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5 Coolest Things On Earth This Week

This week we learned about an ingenious English bar owner who built a Faraday cage around his watering hole to disconnect customers’ cellphones, plus a tool developed at Brown University that can study the impact of brain trauma down to the level of individual neurons. We also learned about new genetic clues to body-part regeneration. We can’t help you generate new brain cells, but read on and hopefully grow a few new synapses.


Cheers Mate! British Bar Owner Builds A Bespoke Faraday Cage To Silence Patrons’ Smartphones


We’ll drink to that! A bespoke Faraday cage is keeping smartphones at bay in an English bar. Image credit: Shutterstock

Steve Tyler, who owns the Gin Tub bar in Hove, England, has deployed physics to break his patrons’ smartphone addiction and make them focus on drinks and old-fashioned human-to-human conversation. Tyler lined the walls with silver foil and copper mesh and turned the bar into a giant Faraday cage that blocks most incoming electromagnetic radiation, including cell signals, according to the BBC. English physicist Michael Faraday invented the cage in 1836. It’s typically made from a conductive material that shelters the inside from external electrical fields, ranging from microwaves to lightning. In fact, the microwave oven is an inverted Faraday cage, trapping radiation inside and preventing it from escaping into the kitchen.


New Tool Helps Scientists Study Head Trauma Down To Individual Brain Cells

Brain researchers at Brown University in Rhode Island have designed a special device to study brain cells and then used it to watch what happens when they hit them with blunt force. “This is the first study that applied this kind strain to brain cells and followed them over time,” said Christian Franck, an assistant professor in Brown’s School of Engineering. “We’re excited because we can finally get some concrete information about when cells start to degenerate, when they die and what the process looks like.” The team wrote that the machine “can compress neurons inside 3-D cell cultures while using a powerful microscope to continuously monitor changes in cell structure.” The team said in a news release that “among the study’s key findings was that after a compression event with forces similar to those involved in traumatic brain injury (TBI), it takes approximately six hours for neurons to develop irreparable structural damage. That suggests that there may be a window for therapeutic intervention aimed at minimizing further damage.” The research was published in the journal Scientific Reports.


Take Your Vitamin Pills Before You Put Your Space Helmet On


Top image and above: Prolonged space flight can compromise astronauts’ immune systems and open the door to dormant infections. Images credit: Shutterstock

Space crews spending months in orbit are exposed to a number of external risks. It turns out potentials hazards are also lurking inside their bodies. A team of scientists at the University of Miami studied 16 astronauts who orbited Earth for a median duration of 184 days. They reported that prolonged space flight compromised the crewmembers’ immune systems and opened the door to dormant infections caused by the herpes virus and other germs. Specifically, space flight affected thymopoiesis, the process used by the immune system to train T-cells and make them recognize different infections. “While preflight assessments of thymopoiesis remained quite stable in individual astronauts, we detected significant suppression of thymopoiesis in all subjects upon return from space flight,” the team wrote in the Journal of Clinical Investigation. A trip to Mars is projected take around seven months. Make sure you pack extra vitamins.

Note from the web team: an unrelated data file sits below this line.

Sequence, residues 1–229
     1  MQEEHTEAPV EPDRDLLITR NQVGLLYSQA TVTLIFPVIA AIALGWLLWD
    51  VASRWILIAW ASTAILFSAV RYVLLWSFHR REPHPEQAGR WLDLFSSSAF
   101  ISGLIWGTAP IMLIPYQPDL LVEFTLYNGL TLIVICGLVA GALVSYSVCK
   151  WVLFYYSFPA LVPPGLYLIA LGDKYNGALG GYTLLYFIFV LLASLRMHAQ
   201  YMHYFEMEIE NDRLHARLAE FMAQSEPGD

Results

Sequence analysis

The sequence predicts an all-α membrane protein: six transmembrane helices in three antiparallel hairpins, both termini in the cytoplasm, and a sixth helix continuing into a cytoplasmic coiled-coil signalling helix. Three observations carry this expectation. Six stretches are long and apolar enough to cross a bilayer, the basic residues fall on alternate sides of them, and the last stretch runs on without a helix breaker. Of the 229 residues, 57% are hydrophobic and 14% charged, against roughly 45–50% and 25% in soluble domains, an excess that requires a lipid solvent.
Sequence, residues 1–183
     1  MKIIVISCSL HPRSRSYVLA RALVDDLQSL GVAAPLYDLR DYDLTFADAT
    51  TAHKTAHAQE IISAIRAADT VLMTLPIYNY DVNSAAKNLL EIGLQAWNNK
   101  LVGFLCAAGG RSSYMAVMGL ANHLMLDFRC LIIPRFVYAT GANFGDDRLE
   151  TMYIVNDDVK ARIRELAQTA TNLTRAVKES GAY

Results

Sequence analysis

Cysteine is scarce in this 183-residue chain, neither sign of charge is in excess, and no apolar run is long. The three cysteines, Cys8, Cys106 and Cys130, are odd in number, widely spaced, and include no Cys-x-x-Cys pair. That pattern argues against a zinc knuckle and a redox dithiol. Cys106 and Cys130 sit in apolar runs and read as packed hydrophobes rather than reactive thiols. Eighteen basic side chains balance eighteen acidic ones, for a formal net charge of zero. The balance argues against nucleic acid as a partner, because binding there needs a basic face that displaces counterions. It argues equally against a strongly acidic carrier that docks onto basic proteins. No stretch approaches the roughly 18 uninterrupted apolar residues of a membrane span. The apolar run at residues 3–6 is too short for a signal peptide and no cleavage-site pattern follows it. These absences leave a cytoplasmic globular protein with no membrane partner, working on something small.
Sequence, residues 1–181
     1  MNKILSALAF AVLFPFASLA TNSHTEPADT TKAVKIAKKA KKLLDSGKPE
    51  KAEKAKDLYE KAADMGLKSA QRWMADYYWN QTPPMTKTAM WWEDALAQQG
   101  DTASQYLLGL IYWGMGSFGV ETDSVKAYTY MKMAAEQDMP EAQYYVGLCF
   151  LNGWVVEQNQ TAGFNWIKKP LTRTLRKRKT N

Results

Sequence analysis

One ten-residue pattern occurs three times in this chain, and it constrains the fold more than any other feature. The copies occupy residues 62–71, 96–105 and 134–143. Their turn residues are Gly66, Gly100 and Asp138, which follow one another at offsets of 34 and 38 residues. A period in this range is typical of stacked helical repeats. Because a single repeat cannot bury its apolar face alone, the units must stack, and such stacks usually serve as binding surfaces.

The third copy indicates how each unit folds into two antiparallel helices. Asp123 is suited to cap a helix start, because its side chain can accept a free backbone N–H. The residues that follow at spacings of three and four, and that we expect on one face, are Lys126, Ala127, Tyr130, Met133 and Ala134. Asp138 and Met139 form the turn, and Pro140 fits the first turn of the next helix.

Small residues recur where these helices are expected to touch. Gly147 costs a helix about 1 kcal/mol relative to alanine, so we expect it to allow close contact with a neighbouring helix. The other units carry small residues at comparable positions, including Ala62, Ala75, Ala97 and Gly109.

Regeneration May Not Be Just The Stuff Of Salamanders And Superheroes

Axolotl (Ambystoma mexicanum) in front of a white background

Axolotl (Ambystoma mexicanum), a salamander found in Mexican lakes, shares genes that allow the species to regenerate its body parts. Image credit: Getty Images

Scientists at the MDI Biological Laboratory in Bar Harbor, Maine, have identified a group of genes that allow several species to regrow body parts. “The discovery of genetic mechanisms common to all three of these species, which diverged on the evolutionary tree about 420 million years ago, suggests that these mechanisms aren’t specific to individual species, but have been conserved by nature through evolution,” they wrote in a news release. The team studied a zebra fish from India, a ray-finned fish from Africa, and a salamander from Mexico. The researchers’ goal is to find out whether a similar regeneration mechanism can be turned on in humans. “We didn’t expect the patterns of genetic expression to be vastly different in the three species, but it was amazing to see that they were consistently the same,” said one of the scientists, Benjamin L. King. His co-author, Voot P. Yin, added that “limb regeneration in humans may sound like science fiction, but it’s within the realm of possibility.” The research was published in the journal PLoS One.


Scientists Want To Shed New Light On Quantum Physics, Literally


An illustration of light trapped on the surface of a nanoparticle topological insulator. Image credit: Vincenzo Giannini

Physicists at the Imperial College London have created “a new form of light” by binding the light particle photon to a single electron and combining their properties. The results could shed light on quantum processes that were previously difficult or impossible to study. It could also lead to new circuits that work with photons instead of electrons. “Currently, quantum phenomena can only be seen when looking at very small objects or objects that have been super-cooled, but this could allow scientists to study these kinds of behavior at room temperature,” the team wrote.

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